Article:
Before personalized learning, we designed our classrooms around the educator. Decisions were made based on how educators preferred to teach, where they wanted students to sit, and what subjects they wanted to cover.

Personalized learning looks different in every classroom, but the common thread is that we now make decisions looking at the student. We ask them how they learn best and what subjects strike their passions. We use small group instruction and individual coaching sessions to provide each student with lesson plans tailored to their needs and strengths. We’re reimagining how we use physical space, and the layout of our classrooms. We worry less about students talking with their friends; instead, we ask whether collaboration and socialization will help them learn.

Our emphasis on growth shows in the way students approach each school day. I have, for example, developed a mentorship relationship with one of our middle school students who, despite being diligent and bright, always ended the year with average grades. Last year, when she entered our personalized learning program for eighth grade, I saw her outlook change. She was determined to finish the year with all As.

More than that, she was determined to show that she could master anything her teachers put in front of her. She started coming to me with graded assignments. We’d talk about where she could improve and what skills she should focus on. She was pragmatic about challenges and so proud of her successes. At the end of the year she finished with straight As—and she still wanted more. She wanted to get A-pluses next year. Her outlook had changed from one of complacence to one oriented towards growth.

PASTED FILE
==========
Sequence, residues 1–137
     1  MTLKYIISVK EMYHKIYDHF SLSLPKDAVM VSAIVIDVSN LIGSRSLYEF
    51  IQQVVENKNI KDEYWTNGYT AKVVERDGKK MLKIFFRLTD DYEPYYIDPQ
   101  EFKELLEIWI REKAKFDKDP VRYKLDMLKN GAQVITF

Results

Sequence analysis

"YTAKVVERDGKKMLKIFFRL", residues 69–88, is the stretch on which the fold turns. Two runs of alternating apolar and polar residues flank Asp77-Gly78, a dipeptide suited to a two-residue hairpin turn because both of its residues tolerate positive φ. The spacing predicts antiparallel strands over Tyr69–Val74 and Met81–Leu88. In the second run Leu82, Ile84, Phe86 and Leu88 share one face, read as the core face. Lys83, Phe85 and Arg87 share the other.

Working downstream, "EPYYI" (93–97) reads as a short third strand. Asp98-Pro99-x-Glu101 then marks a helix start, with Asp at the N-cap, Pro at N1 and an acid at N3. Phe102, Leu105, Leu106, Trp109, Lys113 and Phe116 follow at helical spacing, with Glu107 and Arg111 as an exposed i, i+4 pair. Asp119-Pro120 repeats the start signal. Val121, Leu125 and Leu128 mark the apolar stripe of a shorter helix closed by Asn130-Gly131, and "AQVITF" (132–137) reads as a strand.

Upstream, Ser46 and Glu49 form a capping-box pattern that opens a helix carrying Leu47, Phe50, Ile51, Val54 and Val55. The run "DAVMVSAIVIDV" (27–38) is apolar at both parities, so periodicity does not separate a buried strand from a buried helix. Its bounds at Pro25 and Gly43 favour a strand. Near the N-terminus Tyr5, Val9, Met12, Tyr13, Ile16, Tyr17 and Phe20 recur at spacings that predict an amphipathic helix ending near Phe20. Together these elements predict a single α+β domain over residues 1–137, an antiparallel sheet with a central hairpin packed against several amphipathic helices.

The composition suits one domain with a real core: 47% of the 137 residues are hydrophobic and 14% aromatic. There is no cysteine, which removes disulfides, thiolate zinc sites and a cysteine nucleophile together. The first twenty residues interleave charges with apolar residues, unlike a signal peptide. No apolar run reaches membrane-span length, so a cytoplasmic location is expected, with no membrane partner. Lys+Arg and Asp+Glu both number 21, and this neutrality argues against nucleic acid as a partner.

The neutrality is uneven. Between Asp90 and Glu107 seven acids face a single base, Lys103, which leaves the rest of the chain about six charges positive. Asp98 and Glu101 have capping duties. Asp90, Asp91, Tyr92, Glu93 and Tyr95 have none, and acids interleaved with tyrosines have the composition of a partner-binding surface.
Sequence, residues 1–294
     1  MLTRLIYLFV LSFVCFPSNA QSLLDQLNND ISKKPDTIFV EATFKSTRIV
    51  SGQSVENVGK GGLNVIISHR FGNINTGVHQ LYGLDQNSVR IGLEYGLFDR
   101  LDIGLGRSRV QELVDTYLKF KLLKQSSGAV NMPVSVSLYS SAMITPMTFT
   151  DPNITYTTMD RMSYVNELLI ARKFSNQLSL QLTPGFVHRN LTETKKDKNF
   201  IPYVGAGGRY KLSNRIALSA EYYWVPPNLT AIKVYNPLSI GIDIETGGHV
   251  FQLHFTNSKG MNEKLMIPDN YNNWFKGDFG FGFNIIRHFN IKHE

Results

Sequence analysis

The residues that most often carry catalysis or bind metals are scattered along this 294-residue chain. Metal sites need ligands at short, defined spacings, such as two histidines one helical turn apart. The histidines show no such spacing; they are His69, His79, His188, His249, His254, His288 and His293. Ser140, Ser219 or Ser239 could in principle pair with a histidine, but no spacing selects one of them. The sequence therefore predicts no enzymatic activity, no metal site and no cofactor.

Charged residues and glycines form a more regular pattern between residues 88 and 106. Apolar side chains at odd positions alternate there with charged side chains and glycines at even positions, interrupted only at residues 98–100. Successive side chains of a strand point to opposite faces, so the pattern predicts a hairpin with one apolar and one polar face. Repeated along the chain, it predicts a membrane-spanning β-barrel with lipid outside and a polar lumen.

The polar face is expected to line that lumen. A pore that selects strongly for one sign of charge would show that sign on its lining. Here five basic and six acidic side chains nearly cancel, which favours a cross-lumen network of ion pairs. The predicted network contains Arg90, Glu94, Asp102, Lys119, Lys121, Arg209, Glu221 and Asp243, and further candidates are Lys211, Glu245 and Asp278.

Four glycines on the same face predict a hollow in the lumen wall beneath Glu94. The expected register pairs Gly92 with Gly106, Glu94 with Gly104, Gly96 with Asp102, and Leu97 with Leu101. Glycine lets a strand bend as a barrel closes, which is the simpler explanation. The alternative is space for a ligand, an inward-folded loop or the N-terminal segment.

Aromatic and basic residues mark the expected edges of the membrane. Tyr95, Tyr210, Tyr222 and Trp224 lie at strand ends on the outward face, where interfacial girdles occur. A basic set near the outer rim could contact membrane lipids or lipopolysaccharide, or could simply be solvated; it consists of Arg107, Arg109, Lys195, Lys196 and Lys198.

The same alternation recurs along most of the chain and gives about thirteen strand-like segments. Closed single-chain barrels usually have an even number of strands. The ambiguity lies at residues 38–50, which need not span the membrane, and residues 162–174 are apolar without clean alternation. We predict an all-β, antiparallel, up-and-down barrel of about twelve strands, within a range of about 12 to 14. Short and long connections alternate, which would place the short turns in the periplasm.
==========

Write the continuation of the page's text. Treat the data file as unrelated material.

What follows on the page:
Rather than undermining the potential of great teachers, personalized learning is creating opportunities for collaboration as teachers band together to leverage team-teaching and capitalize on their strengths and passions. For some classrooms, this means offering units and lessons based on the interests and backgrounds of the class. For a couple of classrooms, it meant literally knocking down walls to combine classes from multiple grade-levels into a single room that offers each student maximum choice over how they learn. For every classroom, it means allowing students to work at their own pace, because teaching to the middle will always fail to push some while leaving others behind.